Pick a square within a multiplication square and add the numbers on
each diagonal. What do you notice?
Consider all two digit numbers (10, 11, . . . ,99). In writing down
all these numbers, which digits occur least often, and which occur
most often ? What about three digit numbers, four digit numbers. . . .
Some students have been working out the number of strands needed for different sizes of cable. Can you make sense of their solutions?
Think of a number, add one, double it, take away 3, add the number
you first thought of, add 7, divide by 3 and take away the number
you first thought of. You should now be left with 2. How do I. . . .
We can show that (x + 1)² = x² + 2x + 1 by considering
the area of an (x + 1) by (x + 1) square. Show in a similar way
that (x + 2)² = x² + 4x + 4
Many numbers can be expressed as the difference of two perfect squares. What do you notice about the numbers you CANNOT make?
Can you find the area of a parallelogram defined by two vectors?
Take any whole number between 1 and 999, add the squares of the
digits to get a new number. Make some conjectures about what
happens in general.
Can you explain the surprising results Jo found when she calculated
the difference between square numbers?
Can you use the diagram to prove the AM-GM inequality?
Choose four consecutive whole numbers. Multiply the first and last numbers together. Multiply the middle pair together. What do you notice?
List any 3 numbers. It is always possible to find a subset of
adjacent numbers that add up to a multiple of 3. Can you explain
why and prove it?
A three digit number abc is always divisible by 7 when 2a+3b+c is divisible by 7. Why?
Pick the number of times a week that you eat chocolate. This number must be more than one but less than ten.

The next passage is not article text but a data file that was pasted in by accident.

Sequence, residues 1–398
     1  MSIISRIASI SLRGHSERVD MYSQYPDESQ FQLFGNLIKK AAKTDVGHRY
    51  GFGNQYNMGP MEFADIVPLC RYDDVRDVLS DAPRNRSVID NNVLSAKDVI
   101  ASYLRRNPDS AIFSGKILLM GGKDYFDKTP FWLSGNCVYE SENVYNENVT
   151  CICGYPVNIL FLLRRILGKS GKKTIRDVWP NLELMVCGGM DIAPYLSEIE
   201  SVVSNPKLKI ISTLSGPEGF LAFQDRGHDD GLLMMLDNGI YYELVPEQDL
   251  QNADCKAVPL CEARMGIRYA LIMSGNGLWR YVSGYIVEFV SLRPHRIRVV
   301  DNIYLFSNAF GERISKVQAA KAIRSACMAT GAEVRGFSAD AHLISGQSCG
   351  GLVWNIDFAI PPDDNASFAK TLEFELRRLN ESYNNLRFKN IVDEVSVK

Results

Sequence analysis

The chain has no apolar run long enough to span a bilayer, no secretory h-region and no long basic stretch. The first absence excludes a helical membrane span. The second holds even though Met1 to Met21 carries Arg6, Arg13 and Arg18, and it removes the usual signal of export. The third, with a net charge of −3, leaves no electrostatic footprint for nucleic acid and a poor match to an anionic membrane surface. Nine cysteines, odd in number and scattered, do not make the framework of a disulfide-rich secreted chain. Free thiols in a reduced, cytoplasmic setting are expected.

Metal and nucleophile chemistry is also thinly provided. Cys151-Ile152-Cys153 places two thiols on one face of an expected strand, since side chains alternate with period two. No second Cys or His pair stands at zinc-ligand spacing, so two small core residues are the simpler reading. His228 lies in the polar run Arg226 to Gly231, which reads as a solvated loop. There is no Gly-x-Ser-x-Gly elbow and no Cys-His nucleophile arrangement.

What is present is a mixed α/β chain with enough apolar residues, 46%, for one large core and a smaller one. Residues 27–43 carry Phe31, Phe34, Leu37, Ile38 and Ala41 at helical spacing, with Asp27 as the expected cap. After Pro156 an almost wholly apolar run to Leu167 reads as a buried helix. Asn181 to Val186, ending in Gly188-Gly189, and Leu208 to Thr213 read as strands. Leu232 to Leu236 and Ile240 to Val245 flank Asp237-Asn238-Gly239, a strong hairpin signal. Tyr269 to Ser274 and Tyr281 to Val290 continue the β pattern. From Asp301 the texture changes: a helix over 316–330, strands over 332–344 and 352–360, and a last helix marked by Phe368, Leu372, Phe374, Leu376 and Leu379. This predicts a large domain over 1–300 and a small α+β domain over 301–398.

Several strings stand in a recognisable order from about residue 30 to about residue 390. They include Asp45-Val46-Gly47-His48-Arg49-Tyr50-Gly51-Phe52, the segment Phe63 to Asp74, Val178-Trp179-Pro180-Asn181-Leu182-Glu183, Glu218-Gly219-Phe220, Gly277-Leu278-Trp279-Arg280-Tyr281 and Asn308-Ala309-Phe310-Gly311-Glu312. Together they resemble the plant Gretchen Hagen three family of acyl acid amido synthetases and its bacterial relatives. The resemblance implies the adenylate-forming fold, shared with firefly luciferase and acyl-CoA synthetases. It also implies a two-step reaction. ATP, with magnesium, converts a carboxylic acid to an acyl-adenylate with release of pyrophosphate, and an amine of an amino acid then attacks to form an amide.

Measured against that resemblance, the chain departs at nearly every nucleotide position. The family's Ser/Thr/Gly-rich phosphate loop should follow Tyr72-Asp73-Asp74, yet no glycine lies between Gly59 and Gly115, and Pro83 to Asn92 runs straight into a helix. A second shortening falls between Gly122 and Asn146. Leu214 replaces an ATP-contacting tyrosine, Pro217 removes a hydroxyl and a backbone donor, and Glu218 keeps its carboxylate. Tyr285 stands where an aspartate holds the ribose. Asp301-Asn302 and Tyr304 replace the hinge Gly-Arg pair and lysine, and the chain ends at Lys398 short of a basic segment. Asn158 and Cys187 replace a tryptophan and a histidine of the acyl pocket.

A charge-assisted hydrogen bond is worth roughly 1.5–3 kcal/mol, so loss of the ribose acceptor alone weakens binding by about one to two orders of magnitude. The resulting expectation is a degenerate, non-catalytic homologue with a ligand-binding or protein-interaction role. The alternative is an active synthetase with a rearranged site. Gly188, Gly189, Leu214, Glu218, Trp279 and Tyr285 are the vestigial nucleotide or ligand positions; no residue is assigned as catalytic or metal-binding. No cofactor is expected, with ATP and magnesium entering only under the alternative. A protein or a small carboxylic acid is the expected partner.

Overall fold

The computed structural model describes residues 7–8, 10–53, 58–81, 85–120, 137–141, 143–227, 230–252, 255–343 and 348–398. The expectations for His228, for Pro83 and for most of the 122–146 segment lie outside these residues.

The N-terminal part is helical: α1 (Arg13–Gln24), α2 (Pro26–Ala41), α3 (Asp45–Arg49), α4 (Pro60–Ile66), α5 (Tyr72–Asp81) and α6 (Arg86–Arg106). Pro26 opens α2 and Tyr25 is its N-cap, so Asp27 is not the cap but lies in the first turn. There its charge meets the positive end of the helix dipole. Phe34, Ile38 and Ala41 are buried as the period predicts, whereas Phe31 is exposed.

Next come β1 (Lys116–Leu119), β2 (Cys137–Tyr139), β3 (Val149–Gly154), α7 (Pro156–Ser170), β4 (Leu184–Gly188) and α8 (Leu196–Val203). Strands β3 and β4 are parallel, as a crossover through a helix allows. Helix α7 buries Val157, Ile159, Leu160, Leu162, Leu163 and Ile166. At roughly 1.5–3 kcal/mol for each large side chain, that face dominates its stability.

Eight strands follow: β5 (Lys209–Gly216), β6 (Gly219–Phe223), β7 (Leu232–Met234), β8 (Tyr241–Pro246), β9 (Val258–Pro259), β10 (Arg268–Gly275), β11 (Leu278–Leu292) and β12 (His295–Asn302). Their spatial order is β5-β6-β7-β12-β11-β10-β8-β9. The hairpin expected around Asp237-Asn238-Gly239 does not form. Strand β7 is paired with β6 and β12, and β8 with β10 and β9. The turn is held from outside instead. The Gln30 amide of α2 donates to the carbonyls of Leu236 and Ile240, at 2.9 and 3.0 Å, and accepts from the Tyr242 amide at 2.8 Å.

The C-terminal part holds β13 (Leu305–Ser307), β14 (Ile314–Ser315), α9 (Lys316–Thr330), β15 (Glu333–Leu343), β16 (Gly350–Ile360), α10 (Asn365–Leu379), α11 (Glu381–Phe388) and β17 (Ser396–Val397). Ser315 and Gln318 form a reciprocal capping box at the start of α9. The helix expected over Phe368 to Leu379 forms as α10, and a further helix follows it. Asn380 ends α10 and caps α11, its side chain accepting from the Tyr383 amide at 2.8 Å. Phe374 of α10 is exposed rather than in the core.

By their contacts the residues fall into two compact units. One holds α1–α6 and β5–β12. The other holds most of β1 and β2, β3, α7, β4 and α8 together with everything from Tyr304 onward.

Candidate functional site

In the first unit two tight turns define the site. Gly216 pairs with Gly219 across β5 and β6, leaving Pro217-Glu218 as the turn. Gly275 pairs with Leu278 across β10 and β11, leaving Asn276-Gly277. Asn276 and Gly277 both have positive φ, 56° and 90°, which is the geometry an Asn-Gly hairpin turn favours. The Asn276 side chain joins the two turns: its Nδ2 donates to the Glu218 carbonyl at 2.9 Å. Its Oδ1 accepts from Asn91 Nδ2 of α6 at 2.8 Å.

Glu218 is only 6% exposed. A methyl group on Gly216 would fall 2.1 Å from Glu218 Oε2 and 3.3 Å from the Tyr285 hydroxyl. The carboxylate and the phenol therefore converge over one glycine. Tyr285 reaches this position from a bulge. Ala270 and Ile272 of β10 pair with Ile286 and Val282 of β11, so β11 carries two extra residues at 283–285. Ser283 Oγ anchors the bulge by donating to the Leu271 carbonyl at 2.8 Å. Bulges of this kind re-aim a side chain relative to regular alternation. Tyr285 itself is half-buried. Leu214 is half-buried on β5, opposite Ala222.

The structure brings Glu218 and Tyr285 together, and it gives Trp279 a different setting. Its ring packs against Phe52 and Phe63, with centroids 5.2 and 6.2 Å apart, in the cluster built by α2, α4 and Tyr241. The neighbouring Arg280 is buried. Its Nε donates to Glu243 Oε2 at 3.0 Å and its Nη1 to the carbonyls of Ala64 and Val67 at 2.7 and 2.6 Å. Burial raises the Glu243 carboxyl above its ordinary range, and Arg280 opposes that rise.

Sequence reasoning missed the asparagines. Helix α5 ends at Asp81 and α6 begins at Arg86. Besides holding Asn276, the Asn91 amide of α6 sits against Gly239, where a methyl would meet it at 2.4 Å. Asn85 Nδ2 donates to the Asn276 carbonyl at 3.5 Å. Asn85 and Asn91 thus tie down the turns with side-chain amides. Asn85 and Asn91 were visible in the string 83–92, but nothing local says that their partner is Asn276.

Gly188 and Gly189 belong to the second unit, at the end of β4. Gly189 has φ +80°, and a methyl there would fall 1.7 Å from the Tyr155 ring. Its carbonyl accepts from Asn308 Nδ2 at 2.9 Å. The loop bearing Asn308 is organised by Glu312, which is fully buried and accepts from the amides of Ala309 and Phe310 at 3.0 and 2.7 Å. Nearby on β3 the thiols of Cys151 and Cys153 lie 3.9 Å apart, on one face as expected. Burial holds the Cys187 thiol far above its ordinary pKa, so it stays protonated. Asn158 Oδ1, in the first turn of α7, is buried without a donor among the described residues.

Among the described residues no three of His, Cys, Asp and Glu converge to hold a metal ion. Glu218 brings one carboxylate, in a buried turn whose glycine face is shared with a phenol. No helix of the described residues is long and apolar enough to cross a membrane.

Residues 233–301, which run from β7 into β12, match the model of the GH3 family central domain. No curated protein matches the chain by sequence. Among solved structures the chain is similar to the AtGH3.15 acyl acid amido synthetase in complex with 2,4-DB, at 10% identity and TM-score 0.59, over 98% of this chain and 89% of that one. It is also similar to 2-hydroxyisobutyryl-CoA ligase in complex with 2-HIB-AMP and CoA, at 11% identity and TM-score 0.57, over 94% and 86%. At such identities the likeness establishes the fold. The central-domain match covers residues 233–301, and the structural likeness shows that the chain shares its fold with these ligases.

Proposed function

Multiply this number by 2. Add 5 (for Sunday). Multiply by 50... Can you explain why it. . . .
Is there a relationship between the coordinates of the endpoints of a line and the number of grid squares it crosses?
Choose a couple of the sequences. Try to picture how to make the next, and the next, and the next... Can you describe your reasoning?
Can you describe this route to infinity? Where will the arrows take you next?
Imagine starting with one yellow cube and covering it all over with
a single layer of red cubes, and then covering that cube with a
layer of blue cubes. How many red and blue cubes would you need?
Choose any 3 digits and make a 6 digit number by repeating the 3
digits in the same order (e.g. 594594). Explain why whatever digits
you choose the number will always be divisible by 7, 11 and 13.
A collection of games on the NIM theme
Start with any number of counters in any number of piles. 2 players take it in turns to remove any number of counters from a single pile. The loser is the player who takes the last counter.
A little bit of algebra explains this 'magic'. Ask a friend to pick 3 consecutive numbers and to tell you a multiple of 3. Then ask them to add the four numbers and multiply by 67, and to tell you. . . .
Start with any number of counters in any number of piles. 2 players
take it in turns to remove any number of counters from a single
pile. The winner is the player to take the last counter.
Take any two positive numbers. Calculate the arithmetic and geometric means. Repeat the calculations to generate a sequence of arithmetic means and geometric means. Make a note of what happens to the. . . .